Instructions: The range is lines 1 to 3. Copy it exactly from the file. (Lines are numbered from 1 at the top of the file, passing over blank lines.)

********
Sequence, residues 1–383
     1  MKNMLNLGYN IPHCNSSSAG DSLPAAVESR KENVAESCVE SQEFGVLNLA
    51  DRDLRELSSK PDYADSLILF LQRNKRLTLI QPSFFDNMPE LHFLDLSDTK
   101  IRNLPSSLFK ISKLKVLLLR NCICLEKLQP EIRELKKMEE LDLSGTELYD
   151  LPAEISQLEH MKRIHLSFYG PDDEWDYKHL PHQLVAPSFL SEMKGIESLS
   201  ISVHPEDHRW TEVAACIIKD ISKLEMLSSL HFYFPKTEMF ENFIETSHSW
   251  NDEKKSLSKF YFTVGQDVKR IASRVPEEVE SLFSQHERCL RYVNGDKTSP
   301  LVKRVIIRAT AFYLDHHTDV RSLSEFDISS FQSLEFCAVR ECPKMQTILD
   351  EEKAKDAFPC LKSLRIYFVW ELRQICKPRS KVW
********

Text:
Sequence, residues 1–383
     1  MKNMLNLGYN IPHCNSSSAG DSLPAAVESR KENVAESCVE SQEFGVLNLA
    51  DRDLRELSSK PDYADSLILF LQRNKRLTLI QPSFFDNMPE LHFLDLSDTK